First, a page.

Dr Danielle Roodt
Biochemistry, Genetics and Microbiology
My PhD research focused on the evolution and development of xylogenesis in land plant lineages. Since most research has focused on the angiosperms, I contributed to filling the gap in our knowledge of xylogenesis evolution by producing genomic resources for the three non-coniferous gymnosperms (Gnetales, cycads and ginkgo). Additionally, I am compared genomes of eudicots (such as Eucalyptus and Populus) and monocots (such as maize and rice) to better understand the evolution of secondary cell wall genes within the angiosperms, and published the manuscript "Loss of wood formation genes in monocot genomes" in Genome Biology and Evolution earlier this year. The angiosperms also show high prevalence for whole genome duplications (WGDs), which may have aided in their fast rise to ecological dominance, while these events are much rarer in the gymnosperms. I investigated whether evidence existed for remnants of ancient WGDs in the non-coniferous gymnosperms, and my manuscript entitled “Evidence for an ancient whole genome duplication in the cycad lineage” was published by the scientific journal PLoS ONE.
For my Postdoctoral research, I am investigating plant secondary metabolites. Plants produce a range of secondary metabolites which aid in defence against pests and pathogens, attracting pollinators, providing structural support and acting as signalling molecules between and within plants. Research into plant secondary metabolites has focused on the flowering plants, one of the seed plant lineages. The remaining lineages, belonging to the non-flowering gymnosperms, display unique and interesting secondary metabolism which has remained understudied. The discovery of novel genes involved in secondary metabolism from the gymnosperms can have industrial and economical importance, with application in wood processing, organic and renewable fuel sources and bio-based materials. An industrially important and well-studied metabolite is lignin, the presence of which is one of the main reasons for the difficulty in processing wood and producing wood-derived products. Lignin bound to cellulose is like cement encasing steel in hardened concrete. It is a variable and complex organic polymer responsible for the high energy and chemical costs of wood processing, but is important for waterproofing, structural strength and support in plants. Efforts are focusing on producing plants with altered lignin structures that process more readily, making it easier and cheaper to manufacture wood-derived products. The general steps in lignin biosynthesis are known, with most of the research to date focusing on agriculturally important species. However, important differences in lignin types exist between different plant lineages. In addition, cycad species contain many novel and unexplored secondary metabolites involved in unique nitrogen fixation and remarkable resistance to pests and disease. My postdoctoral work focuses on characterising candidate lignin biosynthesis genes in under-explored, “missing link” plant lineages and testing whether we could introduce unique structures into the stems of plants to make biomass breakdown more efficient, and constructing the first gene-metabolite atlas for a non-model plant of an indigenous cycad species for novel metabolite discovery.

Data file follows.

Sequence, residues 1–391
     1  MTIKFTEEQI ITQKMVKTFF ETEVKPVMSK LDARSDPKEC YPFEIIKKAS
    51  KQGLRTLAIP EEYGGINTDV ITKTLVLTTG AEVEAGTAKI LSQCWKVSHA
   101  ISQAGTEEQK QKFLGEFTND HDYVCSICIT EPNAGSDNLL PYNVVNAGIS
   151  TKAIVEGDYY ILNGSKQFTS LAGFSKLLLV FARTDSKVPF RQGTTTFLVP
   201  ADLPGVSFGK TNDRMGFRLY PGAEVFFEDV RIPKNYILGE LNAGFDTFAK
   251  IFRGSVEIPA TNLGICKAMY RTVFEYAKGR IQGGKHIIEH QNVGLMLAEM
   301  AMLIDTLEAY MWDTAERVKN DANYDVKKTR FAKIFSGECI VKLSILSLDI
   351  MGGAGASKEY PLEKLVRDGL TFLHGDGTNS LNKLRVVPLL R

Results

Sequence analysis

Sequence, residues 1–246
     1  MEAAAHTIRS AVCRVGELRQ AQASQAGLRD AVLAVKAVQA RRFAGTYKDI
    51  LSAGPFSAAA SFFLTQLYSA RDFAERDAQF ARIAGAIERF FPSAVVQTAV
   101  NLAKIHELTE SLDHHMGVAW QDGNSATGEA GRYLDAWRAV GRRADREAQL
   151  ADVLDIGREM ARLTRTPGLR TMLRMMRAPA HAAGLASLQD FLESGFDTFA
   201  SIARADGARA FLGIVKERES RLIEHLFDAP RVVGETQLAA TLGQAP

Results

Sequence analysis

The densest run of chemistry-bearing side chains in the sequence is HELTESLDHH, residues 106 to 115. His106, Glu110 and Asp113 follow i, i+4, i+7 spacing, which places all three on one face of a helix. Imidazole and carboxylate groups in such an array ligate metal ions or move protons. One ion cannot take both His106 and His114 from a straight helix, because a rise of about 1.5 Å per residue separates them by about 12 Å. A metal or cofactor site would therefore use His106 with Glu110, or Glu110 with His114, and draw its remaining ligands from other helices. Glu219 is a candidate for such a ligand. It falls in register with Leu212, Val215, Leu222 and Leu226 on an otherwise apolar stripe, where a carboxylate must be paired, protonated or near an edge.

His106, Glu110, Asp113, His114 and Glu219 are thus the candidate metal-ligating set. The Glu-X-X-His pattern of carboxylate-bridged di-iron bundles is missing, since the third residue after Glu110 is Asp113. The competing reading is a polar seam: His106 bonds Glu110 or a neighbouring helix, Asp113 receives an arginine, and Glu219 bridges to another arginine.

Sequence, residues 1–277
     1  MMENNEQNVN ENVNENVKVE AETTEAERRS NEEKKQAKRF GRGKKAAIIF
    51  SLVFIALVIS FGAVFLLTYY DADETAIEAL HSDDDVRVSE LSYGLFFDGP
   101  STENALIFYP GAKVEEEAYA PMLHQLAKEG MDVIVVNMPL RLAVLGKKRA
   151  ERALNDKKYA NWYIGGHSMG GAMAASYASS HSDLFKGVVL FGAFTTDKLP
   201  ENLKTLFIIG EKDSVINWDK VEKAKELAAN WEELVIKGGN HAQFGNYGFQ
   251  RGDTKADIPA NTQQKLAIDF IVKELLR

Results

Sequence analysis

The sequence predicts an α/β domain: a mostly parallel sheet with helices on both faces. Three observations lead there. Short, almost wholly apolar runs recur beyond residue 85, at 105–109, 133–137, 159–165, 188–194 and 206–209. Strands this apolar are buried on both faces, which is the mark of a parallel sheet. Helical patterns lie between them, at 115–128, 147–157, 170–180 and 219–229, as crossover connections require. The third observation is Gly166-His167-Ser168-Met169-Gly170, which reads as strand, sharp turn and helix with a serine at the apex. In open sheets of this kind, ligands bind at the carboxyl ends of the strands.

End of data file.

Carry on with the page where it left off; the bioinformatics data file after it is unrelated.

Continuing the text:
FABIans reflected on the gains of the year and looked forward to 2019 and beyond at the annual year-end function and awards ceremony on 17 November.
The FABI flag flew high at this year’s SAWiSA gala event held at The Ranch Resort in Polokwane on Thursday 23 August, with two representatives attending as finalists: Dr Irene Barnes, a research leader in the DST-NRF Centre of Excellence in Tree Health Biotechnology (CTHB), and Danielle Roodt, a PhD candidate in the Forest Molecular Genetics (FMG) Programme.
Danielle Roodt, a PhD student in the FMG Research Programme and FABI, has been awarded an American Society of Plant Biologists (ASPB) Travel Award to attend and present her research at the upcoming Plant Biology Conference, a joint meeting of the ASPB, Canadian Society of Plant Biologists and the International Society of Photosynthesis Research.
My Journal Articles
|Roodt D, Li Z, Van de Peer Y, Mizrachi E. (2019) Loss of wood formation genes in monocot genomes. Genome Biology and Evolution 7(1):1986-1996.
|van der Nest MA, Wingfield MJ, McTaggart AR, Van Wyk S, De Vos L, Trollip C, Santana QC, Naidoo K, Dong TA, Wilken PM, Chan W-Y, Palmer M, Soal NA, Roodt D, Steenkamp ET, Wingfield BD. (2019) Genomic analysis of the aggressive tree pathogen Ceratocystis albifundus. Fungal Biology
|Roodt D, Lohaus R, Sterck L, Swanepoel RL, Van de Peer Y, Mizrachi E. (2017) Evidence for an ancient whole genome duplication in the cycad lineage. PLOS ONE 12(9):e0184454.
|van der Nest MA, Wingfield MJ, Wilken PM, Coetzee MPA, Naidoo K, Roodt D, Sauerman E, Godlonton T, Trollip C, McTaggart AR, Steenkamp ET, Wingfield BD. (2015) Saprophytic and pathogenic fungi in the Ceratocystidaceae differ in their ability to metabolize plant-derived sucrose. BMC Evolutionary Biology 15:273.
|Van der Nest MA, Beirn LA, Crouch JA, Demers JE, De Beer ZW, De Vos L, Gordon TR, Moncalvo JM, Naidoo K, Sanchez-Ramirez S, Roodt D, Santana QC, Slinksi SL, Stata M, Taerum SJ, Wilken PM, Wilson AM, Wingfield MJ, Wingfield BD. (2014) Draft genomes of Amanita jacksonii, Ceratocystis albifundus, Fusarium circinatum, Huntiella omanensis, Leptographium procerum, Rutstroemia sydowiana, and Sclerotinia echinophila. IMA Fungus 5(2):473-486.
|Van der Nest MA, Bihon W, De Vos L, Naidoo K, Roodt D, Rubagotti E, Slippers B, Steenkamp ET, Wilken PM, Wilson A, Wingfield MJ, Wingfield BD. (2014) Draft genome sequences of Diplodia sapinea, Ceratocystis manginecans, and Ceratocystis moniliformis. IMA Fungus 5(1):135-140.